Daria: Cartoon Advice
If I could befriend a television character, it would be Daria Morgendorffer, the witty, sarcastic protagonist of the Beavis and Butthead spinoff series Daria. Though it originally aired between 1997 and 2002, I only discovered Daria, her best friend Jane Lane, and the world of Lawndale, a fictional New England town, last summer. I watched the entire series AND the two movies in about a week, wishing that I had known about the show during high school.
From the pilot episode, I saw hints of myself in Daria: We both wear glasses (wow), dress for comfort rather than fashion, use sarcasm, turn to books for companionship, prefer to stay in or socialize with a very small friend group, write as a hobby, and dislike sports of all kinds. Like me, she tends to conserve her smiles, often giving a mediocre first impression. I am 98.76% sure that if she were real, we would share passions for David Sedaris’ writing, and the TV show Mystery Diagnosis.
One stretch of time in Daria’s cartoon life particularly resonated with me: her “college journey.” Season five covers her Senior Year of high school, and the final movie, “Is it College Yet?” details her college search, final few weeks at high school, graduation, and summer. The problems she confronted were similar to ones I had to deal with, leading me to believe that there are others out there who shared them, too.
Daria applied to several universities, the most important ones being Bromwell, a fictional university that can be compared to Yale, and Raft, another excellent school that can be likened to Tufts. Although Daria claims the more prestigious Bromwell to be her first choice university, it is implied that Raft takes precedence. She is preoccupied with the idea that Bromwell is better simply because of its reputation, and though she knows that Raft, a smaller school, is more tailored to her as an individual. It concerns her that she will be perceived as ‘less’ by attending a university not quite as esteemed as Bromwell. After accepting a place on Bromwell’s wait list, Daria is eventually rejected, and ends up attending Raft, which is where she really wanted to go anyway.
Similarly, I applied to several universities ranging in rank and exclusivity. I went through a period of time in which I became obsessed with what people would think of me if I didn’t end up at a prestigious enough institution, even though I knew I might be better off somewhere else. After some thought, I finally arrived at the realization that it doesn’t matter if people think less of you for attending a particular university, and if they do, they shouldn’t matter. After rejecting a place on the wait list from my Bromwell equivalent (NOT Yale), I, like Daria, breathed a sigh of relief because I knew I was going to go to a school that I wanted to go to, not one that I thought other people would want me to go to.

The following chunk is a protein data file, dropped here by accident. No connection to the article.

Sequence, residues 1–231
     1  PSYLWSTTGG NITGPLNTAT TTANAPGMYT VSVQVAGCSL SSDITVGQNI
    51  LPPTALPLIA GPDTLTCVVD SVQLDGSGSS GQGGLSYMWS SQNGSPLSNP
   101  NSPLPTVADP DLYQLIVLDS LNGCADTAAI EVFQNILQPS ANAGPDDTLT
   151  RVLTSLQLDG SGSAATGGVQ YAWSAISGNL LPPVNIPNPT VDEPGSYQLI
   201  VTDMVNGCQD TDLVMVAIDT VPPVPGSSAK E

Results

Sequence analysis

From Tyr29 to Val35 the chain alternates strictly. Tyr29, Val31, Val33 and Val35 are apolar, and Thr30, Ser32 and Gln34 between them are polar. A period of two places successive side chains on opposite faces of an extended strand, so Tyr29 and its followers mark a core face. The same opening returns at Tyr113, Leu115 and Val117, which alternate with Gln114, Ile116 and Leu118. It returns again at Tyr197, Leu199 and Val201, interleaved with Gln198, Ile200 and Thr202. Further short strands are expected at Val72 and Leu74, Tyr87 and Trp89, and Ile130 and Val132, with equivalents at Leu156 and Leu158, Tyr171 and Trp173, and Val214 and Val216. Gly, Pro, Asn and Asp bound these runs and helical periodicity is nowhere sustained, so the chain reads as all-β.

Daria’s friend Jane’s college application experience is worth mentioning as well. Intending to go to university to study art, Jane applied to two state university art programs hoping to get in with her portfolio rather than her standardized test scores. Neither university requested an art sample, and much to her dismay, she was rejected from both schools. The rejections left Jane spiraling into self-doubt, causing her to give up on her application to the more exclusive Boston Fine Arts College (modeled after the Massachusetts College of Art and Design). Daria, convinced that Jane has more than enough talent to get into BFAC, tries to get her to submit her portfolio. Still reeling from her previous rejections, Jane declares that she doesn’t need college to be an artist, and finds herself painting with newfound inspiration. Eventually, she has a change of heart, decides to submit her portfolio, and is accepted.
Jane’s story is somewhat linked to a post I wrote about dealing with rejection. She took it personally, decided that she was incapable of getting in to any art school, and gave up on herself and her abilities. It didn’t occur to her that the state colleges rejected her as a number, not as an artist, as they didn’t even consider her portfolio. However, after both tough love and support, Jane gets over the rejections and moves on, ultimately finding both happiness and success.
Daria shares nuggets of wisdom concerning school, friendship, and life in general, and as I said before, I wish I could be her friend.